Asian Dinner Group Shares Camaraderie and Culture at Linden Ponds

September 7, 2023

This past spring, residents and staff came together at Linden Ponds, an Erickson Senior Living community in Hingham, Mass., to recognize Asian American and Pacific Islander Heritage Month with a celebration across the campus.

For resident Carol Laufen, the popular event was just one of many ways she and her Asian American neighbors continue to foster and share their culture.

"I come from a very diverse background, but I grew up in New York City," says Carol. "My father emigrated to America from Canton [now Guangzhou], China, when he was a teenager, and my mother was from Portland, Oregon."

She continues, "I am grateful to live at Linden Ponds where diversity is celebrated, and, along with my Asian American neighbors, I can spread awareness of our culture and backgrounds."

Prior to moving to Linden Ponds, Carol and her late husband Joseph raised their two daughters, Christine and Cindi, in South Orange, N.J.

"We originally thought that when we're ready to retire, we'd move to New Jersey's South Shore," she says. "But our daughter Cindi, who was living in Wellesley, Mass., with her two little daughters, wanted us to stay in the area. So, we moved to Plymouth, where we lived for 12 years. I am so grateful for that decision, as we became close with our granddaughters."

In 2018, the couple began looking at senior living communities in the area. "Joseph and I both really liked Linden Ponds," she says. "We were invited to luncheons at the community to learn more. From the beginning, everyone was friendly and we felt welcome."

Carol and Joseph moved to Linden Ponds in March 2019, fully immersing themselves in community life. Unfortunately, Joseph passed away in August 2021.

"Everyone was very supportive during that time," says Carol, "especially those in our Asian Dinner Group!"

Connecting through culture
One of Carol's favorite activities is meeting with the Asian Dinner Group every month.

"The group started with just a few of us a few years ago, and we now have over 25 members," she says. "We dine together in the Fireside private dining room , but the gathering is less about food--we eat whatever is on the menu that night--and more about companionship. Friendships are important to me and so is cultural awareness."

The Asian Dinner Group includes residents with a variety of backgrounds.

"We like learning about each other's experiences. For example, Joseph was from Trinidad and Tobago in the West Indies," she says. "When we get together, we talk about everything from the power of the Asian culture to what is going on in our lives. Together, we've witnessed increasing diversity in our Linden Ponds community."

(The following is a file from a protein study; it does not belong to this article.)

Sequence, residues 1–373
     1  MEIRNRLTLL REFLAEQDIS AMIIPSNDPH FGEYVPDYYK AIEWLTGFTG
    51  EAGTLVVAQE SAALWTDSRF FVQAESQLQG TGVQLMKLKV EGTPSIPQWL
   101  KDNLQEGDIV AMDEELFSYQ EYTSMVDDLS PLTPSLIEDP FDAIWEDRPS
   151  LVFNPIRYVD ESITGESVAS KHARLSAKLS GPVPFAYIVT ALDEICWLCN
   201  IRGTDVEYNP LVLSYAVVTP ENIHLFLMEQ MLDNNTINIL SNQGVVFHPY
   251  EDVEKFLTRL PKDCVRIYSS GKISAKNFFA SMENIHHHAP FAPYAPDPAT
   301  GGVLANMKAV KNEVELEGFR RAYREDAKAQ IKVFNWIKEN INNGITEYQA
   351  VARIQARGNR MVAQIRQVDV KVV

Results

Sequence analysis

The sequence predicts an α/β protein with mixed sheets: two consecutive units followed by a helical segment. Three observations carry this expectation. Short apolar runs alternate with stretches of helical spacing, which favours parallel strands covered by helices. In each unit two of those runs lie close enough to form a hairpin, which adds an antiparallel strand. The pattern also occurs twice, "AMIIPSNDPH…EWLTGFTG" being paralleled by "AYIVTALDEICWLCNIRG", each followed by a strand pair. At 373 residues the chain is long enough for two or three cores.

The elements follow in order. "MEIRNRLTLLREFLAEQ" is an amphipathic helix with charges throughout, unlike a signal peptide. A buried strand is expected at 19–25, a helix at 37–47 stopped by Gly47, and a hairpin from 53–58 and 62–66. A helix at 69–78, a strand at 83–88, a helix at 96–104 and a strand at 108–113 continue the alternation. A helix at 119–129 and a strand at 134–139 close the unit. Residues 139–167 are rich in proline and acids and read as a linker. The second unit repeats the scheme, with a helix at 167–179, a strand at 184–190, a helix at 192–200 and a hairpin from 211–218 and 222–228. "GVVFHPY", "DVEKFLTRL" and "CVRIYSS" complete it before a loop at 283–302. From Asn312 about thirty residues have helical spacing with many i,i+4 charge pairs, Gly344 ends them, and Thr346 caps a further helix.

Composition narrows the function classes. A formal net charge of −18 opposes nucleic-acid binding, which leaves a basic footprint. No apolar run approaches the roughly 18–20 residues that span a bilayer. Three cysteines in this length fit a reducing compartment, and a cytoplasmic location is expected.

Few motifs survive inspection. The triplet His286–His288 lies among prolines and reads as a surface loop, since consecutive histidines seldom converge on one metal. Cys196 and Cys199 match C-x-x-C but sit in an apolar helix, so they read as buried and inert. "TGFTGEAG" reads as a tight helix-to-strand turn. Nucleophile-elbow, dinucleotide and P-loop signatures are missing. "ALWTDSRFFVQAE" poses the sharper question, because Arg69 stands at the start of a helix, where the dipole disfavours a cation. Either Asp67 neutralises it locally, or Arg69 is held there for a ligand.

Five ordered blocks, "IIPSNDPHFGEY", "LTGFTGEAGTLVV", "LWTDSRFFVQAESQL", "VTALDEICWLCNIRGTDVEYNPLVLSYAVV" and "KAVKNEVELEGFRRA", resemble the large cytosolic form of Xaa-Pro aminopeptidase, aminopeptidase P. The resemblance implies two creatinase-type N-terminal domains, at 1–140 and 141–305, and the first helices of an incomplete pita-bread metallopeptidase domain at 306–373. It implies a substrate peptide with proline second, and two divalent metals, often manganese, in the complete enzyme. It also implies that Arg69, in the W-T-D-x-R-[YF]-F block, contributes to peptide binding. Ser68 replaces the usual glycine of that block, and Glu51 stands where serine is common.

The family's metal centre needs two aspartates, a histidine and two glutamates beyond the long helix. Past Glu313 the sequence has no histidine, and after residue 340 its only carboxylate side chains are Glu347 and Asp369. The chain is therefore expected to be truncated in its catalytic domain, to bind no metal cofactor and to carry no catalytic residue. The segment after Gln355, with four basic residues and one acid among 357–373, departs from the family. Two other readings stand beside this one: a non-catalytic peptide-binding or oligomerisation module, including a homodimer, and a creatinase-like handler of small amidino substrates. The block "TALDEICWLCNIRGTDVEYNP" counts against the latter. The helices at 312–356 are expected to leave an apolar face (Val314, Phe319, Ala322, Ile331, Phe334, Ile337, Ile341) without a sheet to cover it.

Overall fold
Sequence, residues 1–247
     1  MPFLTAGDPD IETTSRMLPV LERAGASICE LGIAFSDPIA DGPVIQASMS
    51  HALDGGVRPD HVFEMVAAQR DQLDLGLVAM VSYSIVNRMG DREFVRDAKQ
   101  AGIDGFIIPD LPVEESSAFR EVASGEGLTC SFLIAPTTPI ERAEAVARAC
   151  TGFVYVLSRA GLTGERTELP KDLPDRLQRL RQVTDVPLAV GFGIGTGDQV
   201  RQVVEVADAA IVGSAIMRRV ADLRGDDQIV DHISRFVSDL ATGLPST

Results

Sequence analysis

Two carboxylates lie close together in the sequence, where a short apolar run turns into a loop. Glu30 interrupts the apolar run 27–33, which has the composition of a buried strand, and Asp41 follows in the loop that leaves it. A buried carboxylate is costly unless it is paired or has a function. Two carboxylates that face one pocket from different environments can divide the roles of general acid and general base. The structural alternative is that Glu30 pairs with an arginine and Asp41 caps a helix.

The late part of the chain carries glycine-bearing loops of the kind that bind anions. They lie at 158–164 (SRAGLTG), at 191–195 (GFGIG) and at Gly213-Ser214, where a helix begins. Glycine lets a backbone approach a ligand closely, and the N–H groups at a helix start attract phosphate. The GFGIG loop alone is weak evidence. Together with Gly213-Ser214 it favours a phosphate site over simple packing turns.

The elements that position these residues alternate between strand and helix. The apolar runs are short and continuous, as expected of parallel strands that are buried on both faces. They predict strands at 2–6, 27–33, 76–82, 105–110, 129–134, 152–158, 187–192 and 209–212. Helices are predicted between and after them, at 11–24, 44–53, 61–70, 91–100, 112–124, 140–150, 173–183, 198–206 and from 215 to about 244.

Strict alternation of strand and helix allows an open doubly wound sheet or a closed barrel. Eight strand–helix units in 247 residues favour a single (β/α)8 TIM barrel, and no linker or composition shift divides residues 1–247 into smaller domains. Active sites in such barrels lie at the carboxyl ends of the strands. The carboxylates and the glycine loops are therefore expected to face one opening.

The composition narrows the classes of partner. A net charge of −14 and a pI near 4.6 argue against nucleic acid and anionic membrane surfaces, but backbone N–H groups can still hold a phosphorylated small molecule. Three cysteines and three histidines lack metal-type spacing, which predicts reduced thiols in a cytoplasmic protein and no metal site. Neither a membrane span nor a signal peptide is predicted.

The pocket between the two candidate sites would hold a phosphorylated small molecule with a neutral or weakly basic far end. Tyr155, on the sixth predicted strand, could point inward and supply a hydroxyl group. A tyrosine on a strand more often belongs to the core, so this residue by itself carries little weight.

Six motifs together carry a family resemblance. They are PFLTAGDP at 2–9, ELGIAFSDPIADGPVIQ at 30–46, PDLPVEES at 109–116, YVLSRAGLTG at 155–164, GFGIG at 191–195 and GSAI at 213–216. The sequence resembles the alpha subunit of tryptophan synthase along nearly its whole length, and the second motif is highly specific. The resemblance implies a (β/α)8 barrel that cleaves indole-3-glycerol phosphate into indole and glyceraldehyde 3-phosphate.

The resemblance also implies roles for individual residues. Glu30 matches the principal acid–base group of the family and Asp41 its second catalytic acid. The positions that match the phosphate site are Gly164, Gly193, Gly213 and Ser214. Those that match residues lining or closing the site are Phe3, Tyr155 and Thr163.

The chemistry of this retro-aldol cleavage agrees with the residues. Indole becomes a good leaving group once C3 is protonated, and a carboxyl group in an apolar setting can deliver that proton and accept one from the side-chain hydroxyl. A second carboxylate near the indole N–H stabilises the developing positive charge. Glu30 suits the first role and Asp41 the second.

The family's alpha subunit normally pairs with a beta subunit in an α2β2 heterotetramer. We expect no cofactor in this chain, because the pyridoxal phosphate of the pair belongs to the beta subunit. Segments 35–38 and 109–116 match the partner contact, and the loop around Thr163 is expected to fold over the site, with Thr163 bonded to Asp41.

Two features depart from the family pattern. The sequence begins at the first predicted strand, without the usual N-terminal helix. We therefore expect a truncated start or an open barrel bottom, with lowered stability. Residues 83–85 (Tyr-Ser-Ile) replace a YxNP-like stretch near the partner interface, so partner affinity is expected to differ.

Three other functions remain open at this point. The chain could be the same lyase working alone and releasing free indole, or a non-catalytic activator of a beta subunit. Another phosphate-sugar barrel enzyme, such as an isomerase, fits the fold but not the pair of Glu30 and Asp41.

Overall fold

Building friendships
Elizabeth Fung, who moved to Linden Ponds in July 2018, also enjoys building friendships with her neighbors during the monthly dinners.

"I was born in China but moved frequently because my dad was in diplomatic service. I promised myself that I would never marry a diplomat because of frequent moves, nor would I marry a physician because of their busy on-call schedule," she says, with a laugh.

"As life would have it, my freshman year in college I met my future husband Christopher, who was then a pre-med major, and married him seven years later!"

Elizabeth, who, like Carol, lost her husband after moving to Linden Ponds, appreciates the opportunity to share her culture with her neighbors.

"There's comfort in sharing a similar cultural background with someone. Exchanging information has been really neat too," she says. "For instance, the group has given me suggestions about what to do with Chinese antiques that our kids don't want to inherit."

In May, Carol, Elizabeth, and the Linden Ponds community recognized Asian American and Pacific Islander Heritage Month with a celebration in the performing arts center.

The festivities included a performance of the Tinikling, a traditional Philippine folk dance. The dance involves beating, tapping, and sliding bamboo poles on the ground and against each other in coordination with one or more dancers, who step over and in between the poles.

"The celebration was so much fun," says Carol. "Everyone here is so friendly and eager to learn about their neighbors. I'm grateful for opportunities to increase cultural awareness and celebrate diversity. It's very important to me."

"We feel welcome as a result of these events," adds Elizabeth.

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